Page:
(5) Action; as I say to my clients, life rewards actions, not good intentions! Now is the time to revise the resume and maybe get some professional advice on what a good CV looks like. Check the internet and all the employment web-sites. Importantly, search companies that you think that you'd like to work for – many organisations have career sections on their websites because they'd rather employ those who come looking for them than vice-versa. Finally, talk it up. Ask your friends, neighbours, family and anyone you can think of if they know of any jobs going. There's no doubt that the network works! And keep asking until you get a job.

Jason was a young lawyer who was quite devastated in that he was called into the partner's office one Friday afternoon and told that the firm no longer had need of his services. He hardly had time to say his farewells and he was out of the door. He knew that work in the commercial sector of the firm had slowed, but it still came as quite a shock especially since his last staff appraisal had been so positive. He was in a daze. He walked to his car in the car-park and just cried. He had gone to University and studied hard and then was delighted to get his first "real" job which he'd had for five years now. He had expectations of being promoted up the firm. But now this. His world had come crashing down. He described himself as being "lost". He said that his self-confidence was "shattered". His family said that they were worried about him; he wasn't himself any longer and seemed down.

I went through the steps of what a person normally goes through in this kind of situation. I reassured him that his feelings were quite normal; he wasn't going crazy (he just felt like it!). He also needed to understand that the economic downturn was not of his making; the firm make a financial decision and he ought not to take it all personally.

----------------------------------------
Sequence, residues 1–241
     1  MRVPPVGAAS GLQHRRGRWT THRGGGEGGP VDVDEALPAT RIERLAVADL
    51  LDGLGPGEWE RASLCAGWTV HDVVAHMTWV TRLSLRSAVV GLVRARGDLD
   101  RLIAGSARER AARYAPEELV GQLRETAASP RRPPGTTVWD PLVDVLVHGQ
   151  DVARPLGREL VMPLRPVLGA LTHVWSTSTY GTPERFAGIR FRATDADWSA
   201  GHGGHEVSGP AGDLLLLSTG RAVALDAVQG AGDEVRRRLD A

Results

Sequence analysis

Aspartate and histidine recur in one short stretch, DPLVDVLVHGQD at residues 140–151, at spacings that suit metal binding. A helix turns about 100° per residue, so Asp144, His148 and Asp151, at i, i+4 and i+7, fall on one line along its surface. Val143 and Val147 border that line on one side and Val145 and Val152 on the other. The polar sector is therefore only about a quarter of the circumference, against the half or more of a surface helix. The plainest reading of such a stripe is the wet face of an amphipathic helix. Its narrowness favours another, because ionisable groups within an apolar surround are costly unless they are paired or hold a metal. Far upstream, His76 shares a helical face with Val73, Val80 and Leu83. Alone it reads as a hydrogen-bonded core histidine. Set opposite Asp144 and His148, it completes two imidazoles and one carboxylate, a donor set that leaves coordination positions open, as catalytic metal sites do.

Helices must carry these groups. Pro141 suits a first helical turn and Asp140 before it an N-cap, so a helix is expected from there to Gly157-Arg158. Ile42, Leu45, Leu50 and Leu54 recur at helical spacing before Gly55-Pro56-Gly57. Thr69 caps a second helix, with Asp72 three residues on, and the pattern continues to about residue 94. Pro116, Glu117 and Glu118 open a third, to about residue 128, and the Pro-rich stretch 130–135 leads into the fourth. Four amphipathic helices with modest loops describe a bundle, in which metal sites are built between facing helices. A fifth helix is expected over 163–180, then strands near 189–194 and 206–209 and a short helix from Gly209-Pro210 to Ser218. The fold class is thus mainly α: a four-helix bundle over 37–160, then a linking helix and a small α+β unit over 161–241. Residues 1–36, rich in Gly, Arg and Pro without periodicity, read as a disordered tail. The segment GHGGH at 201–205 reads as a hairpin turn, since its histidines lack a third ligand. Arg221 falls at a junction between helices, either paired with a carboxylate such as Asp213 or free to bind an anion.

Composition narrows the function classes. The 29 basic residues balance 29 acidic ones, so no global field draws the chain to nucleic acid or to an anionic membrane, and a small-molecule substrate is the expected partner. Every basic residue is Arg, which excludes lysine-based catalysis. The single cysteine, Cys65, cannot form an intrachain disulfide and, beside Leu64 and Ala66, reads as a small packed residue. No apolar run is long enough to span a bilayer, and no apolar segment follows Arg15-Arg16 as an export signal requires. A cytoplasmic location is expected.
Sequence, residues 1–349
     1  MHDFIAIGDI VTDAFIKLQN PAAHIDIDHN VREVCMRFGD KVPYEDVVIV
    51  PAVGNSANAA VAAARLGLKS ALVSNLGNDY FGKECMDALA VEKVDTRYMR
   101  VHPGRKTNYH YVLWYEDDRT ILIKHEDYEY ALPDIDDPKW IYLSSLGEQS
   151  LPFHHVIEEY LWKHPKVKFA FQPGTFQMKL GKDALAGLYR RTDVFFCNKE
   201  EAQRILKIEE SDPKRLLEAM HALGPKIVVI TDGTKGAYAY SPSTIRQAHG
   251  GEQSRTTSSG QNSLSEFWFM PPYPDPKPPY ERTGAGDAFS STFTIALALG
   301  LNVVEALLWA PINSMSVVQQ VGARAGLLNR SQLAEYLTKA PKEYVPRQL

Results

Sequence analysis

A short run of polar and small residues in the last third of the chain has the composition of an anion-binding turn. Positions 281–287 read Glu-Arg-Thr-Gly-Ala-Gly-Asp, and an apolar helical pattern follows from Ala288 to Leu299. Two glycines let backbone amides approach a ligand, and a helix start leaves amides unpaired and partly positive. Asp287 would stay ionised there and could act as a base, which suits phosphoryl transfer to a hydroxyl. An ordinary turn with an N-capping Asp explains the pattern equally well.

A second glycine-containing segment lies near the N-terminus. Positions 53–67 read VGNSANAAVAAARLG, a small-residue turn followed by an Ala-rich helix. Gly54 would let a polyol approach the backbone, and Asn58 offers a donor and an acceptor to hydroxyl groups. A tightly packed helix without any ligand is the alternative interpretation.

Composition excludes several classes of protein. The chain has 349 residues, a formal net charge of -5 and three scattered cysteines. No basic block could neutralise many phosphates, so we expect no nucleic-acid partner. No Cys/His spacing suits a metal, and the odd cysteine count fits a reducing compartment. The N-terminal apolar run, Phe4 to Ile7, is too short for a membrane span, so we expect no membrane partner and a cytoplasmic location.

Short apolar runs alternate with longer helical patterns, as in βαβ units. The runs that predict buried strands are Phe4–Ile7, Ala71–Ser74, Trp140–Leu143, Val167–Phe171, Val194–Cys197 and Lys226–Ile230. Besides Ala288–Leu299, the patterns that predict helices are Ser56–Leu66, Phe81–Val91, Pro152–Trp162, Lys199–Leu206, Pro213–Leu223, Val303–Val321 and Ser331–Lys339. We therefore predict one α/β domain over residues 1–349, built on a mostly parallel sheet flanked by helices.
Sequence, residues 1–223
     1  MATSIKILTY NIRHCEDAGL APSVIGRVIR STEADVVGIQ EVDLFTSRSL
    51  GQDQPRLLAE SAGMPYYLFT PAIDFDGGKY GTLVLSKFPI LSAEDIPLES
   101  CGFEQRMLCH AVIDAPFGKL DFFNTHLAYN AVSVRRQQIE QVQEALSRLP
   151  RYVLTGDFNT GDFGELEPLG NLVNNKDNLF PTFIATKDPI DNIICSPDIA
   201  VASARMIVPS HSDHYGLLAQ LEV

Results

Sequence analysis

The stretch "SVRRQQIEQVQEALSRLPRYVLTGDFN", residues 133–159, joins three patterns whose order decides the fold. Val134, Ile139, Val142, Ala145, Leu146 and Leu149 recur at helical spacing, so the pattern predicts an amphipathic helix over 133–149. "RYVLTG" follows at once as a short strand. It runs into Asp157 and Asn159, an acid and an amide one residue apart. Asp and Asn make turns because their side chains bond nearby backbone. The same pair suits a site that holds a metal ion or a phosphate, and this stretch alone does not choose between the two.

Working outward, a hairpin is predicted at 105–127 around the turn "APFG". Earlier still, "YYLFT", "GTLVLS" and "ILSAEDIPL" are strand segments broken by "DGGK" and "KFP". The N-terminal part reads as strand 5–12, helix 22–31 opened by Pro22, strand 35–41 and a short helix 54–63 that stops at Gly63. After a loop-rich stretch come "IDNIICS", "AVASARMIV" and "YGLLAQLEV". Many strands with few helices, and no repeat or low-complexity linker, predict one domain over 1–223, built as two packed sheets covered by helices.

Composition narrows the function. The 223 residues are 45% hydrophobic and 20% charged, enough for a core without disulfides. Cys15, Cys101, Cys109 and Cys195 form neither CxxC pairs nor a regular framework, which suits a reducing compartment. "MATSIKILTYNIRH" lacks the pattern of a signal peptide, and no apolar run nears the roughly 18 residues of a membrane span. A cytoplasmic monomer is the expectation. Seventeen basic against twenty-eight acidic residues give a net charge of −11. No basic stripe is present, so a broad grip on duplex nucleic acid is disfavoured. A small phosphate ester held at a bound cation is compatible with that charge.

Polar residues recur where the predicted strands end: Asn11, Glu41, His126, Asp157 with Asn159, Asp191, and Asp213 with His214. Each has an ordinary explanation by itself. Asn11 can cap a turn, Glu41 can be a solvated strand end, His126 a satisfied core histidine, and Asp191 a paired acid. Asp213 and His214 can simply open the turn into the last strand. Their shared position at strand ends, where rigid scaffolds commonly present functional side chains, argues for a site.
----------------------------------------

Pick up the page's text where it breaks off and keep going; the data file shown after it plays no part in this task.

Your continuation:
We spend some sessions looking at this self-talk and how he could turn around the pessimistic negative self-chatter into something more positive. We also looked at his self-confidence and how he could re-create a more positive
self-picture. He mapped out all the people he could contact to ask about jobs and I suggested that at the end of the conversation, that he get permission to call them again in about a month if he'd heard nothing from them. He also set out a routine of exercise and fitness at the local gym (he'd been working long hours and had dropped his fitness).

He slowly gained emotional, mental, physical, and spiritual strength over about nine weeks before a mate of his heard about a job going with an interstate firm. He contacted the firm who interviewed him. He was ultimately

It's not what happens to you that's important, it's what you do about it that's really important.

Dr Darryl Cross is a clinical and organisational psychologist as well as a credentialed executive and personal coach. He is also an author, speaker and guest university lecturer. Dr Darryl assists people to find their strengths and reach their goals. He also leaders to find effectively communicate and lead as well as grow their businesses, become more productive and create positive cultures. Further information on Dr Darryl can be seen at and at